This position has come up a couple times in my games recently. After I opened with the Scotch Gambit as White (1. e4 e5 2. Nf3 Nc6 3. d4 exd4 4. Bc4), Black played an interesting sideline. Here is the position after five moves, where Black has played 4…Bc5 (not too bad in and of itself, but not the main line) and then the interesting 5…d3.
Below is a video with some analysis, and in case you aren’t up for the video, I’ll give you the recommended moves from Stockfish and some ideas of why they are good.
Solutions to the Exercise
Solution 1: 6. Qxd3
After letting Stockfish run for about 20 minutes, it rates the simple-looking 6. Qxd3 as best. Although the queen probably isn’t best placed on d3, at least white is developing. The comp’s recommended plan after the likely 6…Nf6 is 7. b4, pushing Black’s dark-square bishop back to b6, then 8. a4 (with the threat of a5, trapping the bishop), where the following dynamic position is likely reached:
The above position is messy and complex, with dynamic chances for both sides. Stockfish evaluates the position as slightly better for White (+0.54 after running for about 15 minutes). It looks similar to something that could be reached from the Evan’s Gambit declined. GM Ronen Har-Zvi (once the best bullet player in the world) covers those lines in a video series that he made on the Evan’s Gambit for OnlineChessLessons.
Solution 2: 6. 0-0
Similarly good is simply castling. Stockfish still recommends the b4, a4 idea. The comp recommends 6…d6 for Black rather than the immediate 6…Nf6. I think the idea here is that 7. e5 would be a bit more dangerous given that White’s King is safe and that any Ng4 jumps would not come with an immediate threat on f2, given that White’s Rook would be covering it. Because Black lacks any tempo moves, d6 slows down White’s plan of e5, probably just enough for Black to get his King safe. Please add your own thoughts if you see other reasons for this.
In any case, a similar position is reached with a similar evaluation (+0.49):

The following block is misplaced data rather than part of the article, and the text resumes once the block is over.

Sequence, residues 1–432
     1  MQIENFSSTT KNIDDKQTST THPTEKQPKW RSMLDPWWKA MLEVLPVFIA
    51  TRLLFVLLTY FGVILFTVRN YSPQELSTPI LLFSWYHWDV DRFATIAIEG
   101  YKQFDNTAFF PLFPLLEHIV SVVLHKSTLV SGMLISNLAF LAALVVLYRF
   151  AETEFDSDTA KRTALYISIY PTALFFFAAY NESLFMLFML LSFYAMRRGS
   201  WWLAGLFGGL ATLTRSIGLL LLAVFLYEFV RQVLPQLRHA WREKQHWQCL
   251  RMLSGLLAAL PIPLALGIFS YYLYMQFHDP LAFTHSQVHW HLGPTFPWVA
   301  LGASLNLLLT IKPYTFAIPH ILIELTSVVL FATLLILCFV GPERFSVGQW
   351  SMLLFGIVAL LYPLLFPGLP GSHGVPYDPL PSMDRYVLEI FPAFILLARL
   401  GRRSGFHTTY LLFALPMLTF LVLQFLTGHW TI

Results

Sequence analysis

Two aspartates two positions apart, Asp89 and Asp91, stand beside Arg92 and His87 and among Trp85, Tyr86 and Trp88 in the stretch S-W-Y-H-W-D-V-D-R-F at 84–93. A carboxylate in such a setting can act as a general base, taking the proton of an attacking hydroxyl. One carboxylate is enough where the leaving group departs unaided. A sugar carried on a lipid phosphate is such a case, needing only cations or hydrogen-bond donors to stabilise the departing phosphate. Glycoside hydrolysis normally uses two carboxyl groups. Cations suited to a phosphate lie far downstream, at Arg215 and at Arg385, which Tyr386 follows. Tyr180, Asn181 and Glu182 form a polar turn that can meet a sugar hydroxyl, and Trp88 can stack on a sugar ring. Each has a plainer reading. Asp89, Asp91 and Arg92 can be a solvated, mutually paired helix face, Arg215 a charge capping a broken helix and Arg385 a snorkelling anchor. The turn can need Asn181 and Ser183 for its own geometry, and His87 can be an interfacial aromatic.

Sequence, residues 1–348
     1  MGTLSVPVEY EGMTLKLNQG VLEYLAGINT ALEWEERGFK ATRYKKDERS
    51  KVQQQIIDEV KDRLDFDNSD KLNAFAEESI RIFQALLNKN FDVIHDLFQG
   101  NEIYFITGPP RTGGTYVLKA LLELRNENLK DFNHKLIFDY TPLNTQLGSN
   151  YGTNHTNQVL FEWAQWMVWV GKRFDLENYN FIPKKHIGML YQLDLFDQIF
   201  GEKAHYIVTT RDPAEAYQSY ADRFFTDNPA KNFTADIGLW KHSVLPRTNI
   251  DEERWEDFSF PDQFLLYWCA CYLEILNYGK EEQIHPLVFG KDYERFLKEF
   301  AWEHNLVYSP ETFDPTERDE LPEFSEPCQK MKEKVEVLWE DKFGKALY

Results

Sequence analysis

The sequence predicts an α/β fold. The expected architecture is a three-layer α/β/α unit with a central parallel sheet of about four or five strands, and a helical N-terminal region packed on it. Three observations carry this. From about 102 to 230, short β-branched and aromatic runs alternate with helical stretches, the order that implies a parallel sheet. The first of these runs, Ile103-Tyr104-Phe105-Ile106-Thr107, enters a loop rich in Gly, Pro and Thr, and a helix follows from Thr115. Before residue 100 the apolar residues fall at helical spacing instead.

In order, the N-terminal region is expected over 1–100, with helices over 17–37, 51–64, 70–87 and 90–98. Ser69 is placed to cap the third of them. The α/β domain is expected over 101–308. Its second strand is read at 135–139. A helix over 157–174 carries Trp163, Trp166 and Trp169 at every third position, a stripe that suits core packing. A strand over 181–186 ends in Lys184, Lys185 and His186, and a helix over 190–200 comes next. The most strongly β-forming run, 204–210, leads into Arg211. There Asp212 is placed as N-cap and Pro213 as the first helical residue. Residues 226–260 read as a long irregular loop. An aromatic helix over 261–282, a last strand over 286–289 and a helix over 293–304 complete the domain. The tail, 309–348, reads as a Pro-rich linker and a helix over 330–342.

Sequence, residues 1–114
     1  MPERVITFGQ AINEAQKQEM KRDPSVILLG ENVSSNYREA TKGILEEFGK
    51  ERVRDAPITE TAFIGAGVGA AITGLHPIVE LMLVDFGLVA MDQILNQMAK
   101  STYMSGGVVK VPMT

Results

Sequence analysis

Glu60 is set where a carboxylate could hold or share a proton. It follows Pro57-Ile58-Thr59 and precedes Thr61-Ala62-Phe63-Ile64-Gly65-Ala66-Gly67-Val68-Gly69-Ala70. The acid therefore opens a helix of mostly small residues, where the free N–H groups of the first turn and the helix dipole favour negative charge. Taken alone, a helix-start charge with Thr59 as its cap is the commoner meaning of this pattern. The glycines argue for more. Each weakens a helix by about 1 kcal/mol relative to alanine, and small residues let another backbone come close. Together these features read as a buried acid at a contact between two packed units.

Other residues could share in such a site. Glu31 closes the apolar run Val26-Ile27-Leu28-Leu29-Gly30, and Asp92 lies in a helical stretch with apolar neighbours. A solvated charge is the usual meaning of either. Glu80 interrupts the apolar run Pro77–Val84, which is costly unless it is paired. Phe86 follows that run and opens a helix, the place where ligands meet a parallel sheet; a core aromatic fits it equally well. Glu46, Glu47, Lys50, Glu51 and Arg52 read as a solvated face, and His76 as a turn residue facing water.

Another interesting note about this position is that Black would be able to play Ne5 here, blockading the e5 square. In the position in Solution 1, of course Black would not have this move had he gone for 6…Nf6, but what if Black had played 6…d6 in Solution 1? Could he then play Ne5 (blockading the important square), or would have have to retreat the knight to e7?
In fact, Black does not have Ne5 here, precisely because White’s Queen is on d3, so now we see another reason why 6. Qxd3 is good for White (because it prevents the Ne5 blockade in this position). If Black tries Ne5 here, White can exchange knights, and then Black will lose 2 pawns and castling rights with the line 9…Ne5 10.Nxe5 dxe5 11.Bxf7+ Ke7 12.Ba3+ c5 13.Bd5 Nf6 14.Nd2 Re8 15.Nc4 Nxd5 16.exd5 e4 17.Qe3 Kf7 18.Bxc5 Bxc5 19.Qxc5 Kg8 20.O-O
These variations are long, but they give some insight into why certain moves are good and in which situations. In particular, Black has to be mindful of when he can blockade on e5, and White has to think about when taking on e5 would be beneficial.
Solution 3: 6. b4
So if White plans on this early Queenside expansion, gaining space with tempi, why not play b4 right away, instead of Qxd3 or castling? Stockfish evaluates this as a good move as well, only slightly behind the first two options. One interesting point is that Black has a nice resource in this line, playing Qe7 with tempo, before retreating his attacked c6 Knight:
White has several other reasonable moves on move 6, aside from the three solutions presented above (e.g., Bxd3, Bg5, Bf4). It’s a bit much to go over them all though. At least for me, I think the important part was to learn something about this line for White. Now I see why 6. Qxd3 is good.